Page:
xfconf VS libxfce4util Resource Config Files for configuration

Steve Dodier-Lazaro sidnioulz at gmail.com
Mon May 2 20:52:42 CEST 2016

> Not sure what bugs will happen there, the point is it should be
> 'anti-bug' since its only doing what is necessary and isn't touching
> anything vaguely complicated.

Less code = less bugs. The bugs per LoC constant.

> Even in my limited experience as a user here, I've seen a serious
> screwup with this extravagant configuration style - a mousepad config
> change causing infinite dconf traffic spam resulting in serious CPU
> whorage [0] - a problem that has absolutely nothing to do with changing
> a simple configuration value (so 'acceptable bugs' here would be more
> like, 'setting doesn't cause a change' or 'failed to update config file
> due to read-only or disk failure').

That kind of bug is fixed once and forever. It's also noticed faster if you
have multiple apps sharing an API. If I copied your allegedly buggy config
code for my own app and you later fixed a bug in it, I would remain unaware
of the bug in my own app. Someone else would copy my buggy app's code before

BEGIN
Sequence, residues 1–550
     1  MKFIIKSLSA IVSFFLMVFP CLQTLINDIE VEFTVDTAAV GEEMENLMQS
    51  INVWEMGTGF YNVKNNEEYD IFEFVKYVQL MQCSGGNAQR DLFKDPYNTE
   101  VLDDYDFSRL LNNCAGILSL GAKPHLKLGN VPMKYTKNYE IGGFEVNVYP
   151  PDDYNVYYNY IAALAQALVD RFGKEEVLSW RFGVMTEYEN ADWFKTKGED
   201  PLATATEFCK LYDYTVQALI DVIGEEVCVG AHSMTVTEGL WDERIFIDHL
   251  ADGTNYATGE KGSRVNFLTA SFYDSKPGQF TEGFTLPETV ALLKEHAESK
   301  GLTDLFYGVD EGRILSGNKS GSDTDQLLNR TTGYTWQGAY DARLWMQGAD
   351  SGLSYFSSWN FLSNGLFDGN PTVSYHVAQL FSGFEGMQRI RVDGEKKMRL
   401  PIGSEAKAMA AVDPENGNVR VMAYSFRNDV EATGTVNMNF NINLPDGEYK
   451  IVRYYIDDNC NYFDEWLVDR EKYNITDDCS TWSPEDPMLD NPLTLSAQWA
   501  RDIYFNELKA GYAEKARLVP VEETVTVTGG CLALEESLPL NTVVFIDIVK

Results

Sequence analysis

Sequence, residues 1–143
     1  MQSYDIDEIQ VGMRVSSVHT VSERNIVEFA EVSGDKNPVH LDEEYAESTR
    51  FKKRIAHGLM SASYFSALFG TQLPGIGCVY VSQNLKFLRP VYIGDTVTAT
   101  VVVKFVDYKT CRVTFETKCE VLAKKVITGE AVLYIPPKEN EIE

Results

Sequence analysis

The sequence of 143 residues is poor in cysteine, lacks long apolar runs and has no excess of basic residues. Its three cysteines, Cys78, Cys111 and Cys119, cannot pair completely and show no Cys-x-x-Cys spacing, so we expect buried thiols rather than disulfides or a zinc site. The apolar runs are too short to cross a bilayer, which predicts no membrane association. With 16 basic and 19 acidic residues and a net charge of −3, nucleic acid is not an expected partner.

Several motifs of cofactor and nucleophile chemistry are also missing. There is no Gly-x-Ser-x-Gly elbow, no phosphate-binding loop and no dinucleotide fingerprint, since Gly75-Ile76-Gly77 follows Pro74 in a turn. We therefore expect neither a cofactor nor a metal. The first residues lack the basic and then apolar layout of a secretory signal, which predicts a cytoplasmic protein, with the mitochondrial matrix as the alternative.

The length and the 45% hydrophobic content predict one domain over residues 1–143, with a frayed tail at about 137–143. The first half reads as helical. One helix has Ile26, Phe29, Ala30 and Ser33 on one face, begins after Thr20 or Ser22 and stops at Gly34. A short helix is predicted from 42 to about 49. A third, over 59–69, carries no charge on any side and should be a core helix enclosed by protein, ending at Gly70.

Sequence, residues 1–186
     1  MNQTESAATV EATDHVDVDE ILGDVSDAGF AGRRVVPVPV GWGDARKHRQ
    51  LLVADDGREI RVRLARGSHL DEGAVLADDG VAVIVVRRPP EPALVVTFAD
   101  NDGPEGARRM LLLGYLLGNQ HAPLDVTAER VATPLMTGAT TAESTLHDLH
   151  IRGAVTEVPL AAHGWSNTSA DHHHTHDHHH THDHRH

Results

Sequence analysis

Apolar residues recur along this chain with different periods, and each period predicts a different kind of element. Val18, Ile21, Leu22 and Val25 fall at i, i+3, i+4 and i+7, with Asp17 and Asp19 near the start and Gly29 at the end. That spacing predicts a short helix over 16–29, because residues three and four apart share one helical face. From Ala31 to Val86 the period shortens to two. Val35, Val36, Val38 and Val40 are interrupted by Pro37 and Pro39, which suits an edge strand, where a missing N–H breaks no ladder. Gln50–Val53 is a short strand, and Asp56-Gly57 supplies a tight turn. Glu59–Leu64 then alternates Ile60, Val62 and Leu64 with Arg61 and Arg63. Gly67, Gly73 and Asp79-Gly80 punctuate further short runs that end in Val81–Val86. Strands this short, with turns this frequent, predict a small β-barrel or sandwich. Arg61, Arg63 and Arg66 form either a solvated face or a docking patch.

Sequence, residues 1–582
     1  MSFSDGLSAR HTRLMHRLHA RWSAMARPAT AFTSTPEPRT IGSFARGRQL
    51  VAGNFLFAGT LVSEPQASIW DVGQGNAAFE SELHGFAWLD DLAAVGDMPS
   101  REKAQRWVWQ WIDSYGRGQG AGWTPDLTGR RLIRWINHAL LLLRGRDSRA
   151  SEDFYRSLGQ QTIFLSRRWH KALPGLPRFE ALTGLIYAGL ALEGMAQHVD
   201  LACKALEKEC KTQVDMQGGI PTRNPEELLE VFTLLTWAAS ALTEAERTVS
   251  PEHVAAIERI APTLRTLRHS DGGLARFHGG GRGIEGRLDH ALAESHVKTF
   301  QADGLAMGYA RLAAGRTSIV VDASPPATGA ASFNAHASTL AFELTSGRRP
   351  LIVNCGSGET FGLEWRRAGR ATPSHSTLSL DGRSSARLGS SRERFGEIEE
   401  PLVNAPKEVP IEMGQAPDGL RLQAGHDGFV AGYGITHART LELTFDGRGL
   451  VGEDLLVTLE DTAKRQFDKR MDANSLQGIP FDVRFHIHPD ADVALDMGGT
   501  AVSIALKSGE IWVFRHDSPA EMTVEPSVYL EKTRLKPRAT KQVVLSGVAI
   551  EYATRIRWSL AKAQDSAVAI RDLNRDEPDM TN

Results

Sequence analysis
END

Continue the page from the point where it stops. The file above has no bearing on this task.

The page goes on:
I get to fix the bug, and so on...

> You would say, 'but there is more than one instance of the program!',
> and I would say that its understood that you need to restart the program
> to load a new configuration (or that updating configuration in both
> programs will overwrite each other's changes) - thats just a bit of user
> education.

This is NOT an acceptable argument. As a rule of thumb, from a usability
if you pronounce the words "user education" you're almost certainly doing
shitty. If I have 5-10 instances of gedit or Firefox (yes, I sometimes
do!), all
with various files / objects / websites loaded, with various states (some
of which
not serialisable, e.g. the undo history in gedit or the content of web
forms in
websites), I don't wanna have to close them all, then change my settings,
reopen them. It takes a crapload of time to do that, and it's error prone.
If I
forget to close one instance, I might lose the setting change. Worse yet, I
not be aware of that, leading to garden-path interaction breakdowns